“The doctrine of the sacredness of the soul sounds vaguely uplifting, but in fact is highly malignant. It discounts life on earth as just a temporary phase that people pass through, indeed, an infinitesimal fraction of their existence. Death becomes a mere rite of passage, like puberty or a midlife crisis.
“The gradual replacement of lives for souls as the locus of moral value was helped along by the ascendancy of skepticism and reason. No one can deny the difference between life and death or the existence of suffering, but it takes indoctrination to hold beliefs about what becomes of an immortal soul after it has parted company from the body.”
–Steven Pinker, The Better Angels of Our Nature: Why Violence Has Declined (New York: Viking, 2011), p. 143. Continue reading →
We do not know what awaits each of us after death, but we know that we will die. Clearly, it must be possible to live ethically—with a genuine concern for the happiness of other sentient beings—without presuming to know things about which we are patently ignorant. Consider it: every person you have ever met, every person you will pass on the street today, is going to die. Living long enough, each will suffer the loss of his friends and family. All are going to lose everything they love in this world. Why would anyone want to be anything but kind in the meantime?
— Sam Harris, The End of Faith (2004)
Think about that the next time you’re in a crowd. For every single person you see, young or old, there will be one death, one funeral, one grave or ash-filled urn. I work on a university campus where most of the people I pass on the street are young and healthy—and in this context the thought is jarring. Continue reading →
Do you ever feel that you’re a small part of something much larger than yourself, something big and wonderful?
Are you ever swept with a sense of awe and wonder?
Does injustice trouble you? Do you feel a responsibility for your fellow human beings? Do you experience a sense of moral outrage when people are mistreated?
Do you ever bask in the knowledge that you are loved?
Notice I didn’t ask if you believe in God. You could answer an emphatic yes to all these questions and still not be religious. None of these things has any necessary connection to the supernatural. And yet they get to the heart of what seems to bother many believers about atheists. Continue reading →
“There is only one way to encourage morality, and that is to re-establish religion. Society cannot exist without some being richer than others, and this inequality cannot exist without religion. When one man is dying of hunger next door to another who is stuffing himself with food, the poor man simply cannot accept the disparity unless some authority tells him, ‘God wishes it so…in heaven things will be different.’”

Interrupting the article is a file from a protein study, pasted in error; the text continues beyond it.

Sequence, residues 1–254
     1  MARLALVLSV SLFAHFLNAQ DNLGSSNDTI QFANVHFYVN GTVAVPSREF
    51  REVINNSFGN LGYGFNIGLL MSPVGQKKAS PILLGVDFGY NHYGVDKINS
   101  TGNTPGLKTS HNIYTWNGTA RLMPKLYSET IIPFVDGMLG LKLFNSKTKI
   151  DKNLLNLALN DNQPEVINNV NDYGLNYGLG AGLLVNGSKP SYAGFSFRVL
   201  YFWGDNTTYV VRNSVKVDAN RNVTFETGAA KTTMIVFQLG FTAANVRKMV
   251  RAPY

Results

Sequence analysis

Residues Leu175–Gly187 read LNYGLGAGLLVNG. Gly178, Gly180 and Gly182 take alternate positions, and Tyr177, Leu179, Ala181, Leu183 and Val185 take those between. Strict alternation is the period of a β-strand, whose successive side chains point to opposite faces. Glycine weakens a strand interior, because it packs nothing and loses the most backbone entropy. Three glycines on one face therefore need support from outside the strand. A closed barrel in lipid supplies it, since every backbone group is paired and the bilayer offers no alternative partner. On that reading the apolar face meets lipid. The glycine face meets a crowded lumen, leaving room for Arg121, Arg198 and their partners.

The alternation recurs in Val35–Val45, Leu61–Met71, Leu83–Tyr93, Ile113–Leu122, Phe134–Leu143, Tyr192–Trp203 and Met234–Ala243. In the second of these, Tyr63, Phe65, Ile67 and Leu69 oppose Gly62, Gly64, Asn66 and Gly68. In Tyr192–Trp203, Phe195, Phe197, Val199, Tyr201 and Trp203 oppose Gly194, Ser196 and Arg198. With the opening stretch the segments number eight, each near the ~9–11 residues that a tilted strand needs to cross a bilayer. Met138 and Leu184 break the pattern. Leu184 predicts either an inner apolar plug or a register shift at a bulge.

—Napoleon Bonaparte, quoted in John Merriman, A History of Modern Europe from the French Revolution to the Present, Second Edition (2004), p. 522.
Is it an accident that conservative politics keeps such close company with religion? Continue reading →
In my previous post I wrote about a New Testament passage in which Paul’s god displays breathtakingly diabolical inventiveness in addition to his usual jealous cruelty. I noted that skeptics make a sport of cataloging the Bible’s many atrocities and warped moral teachings.
But is it fair to dismiss the entire thing as worthless? Wouldn’t that demonstrate the same knee-jerk prejudice that many of the faithful show towards critics of religion?
Good ideas are where you find them, and recognizing one isn’t an endorsement of everything that surrounds it.
We’ve all heard of the Golden Rule (“Do unto others as you would have them do unto you,” Matthew 7:12, Luke 6:31). It is the Bible’s most profound moral statement, an idea that has appeared in numerous cultures and was stated both by religious and secular thinkers long before the time of the Jesus. The parable of the Good Samaritan is a working out of this ethic. It is a deeply radical story, one of the best teaching tales I know of from the ancient world. Continue reading →
Detail of “The Damned Cast into Hell” by Luca Signorelli [Public domain], via Wikimedia Commons
Skeptics have long made a sport of quoting the Bible’s most hate-filled passages. Everyone has their favorites. A few of mine are Numbers 31 (in which the Israelites slaughter the Midianites, and Moses is angry because they spared the women), Deuteronomy 13 (God demands that you stone your children to death if they worship other gods), and Genesis 22 (Abraham passes a test of faith by demonstrating that he’ll sacrifice his own son when God tells him to).
There are many, many more. But a lot of people mistakenly think that God mellows out in the New Testament when Jesus starts talking about love and forgiveness. Continue reading →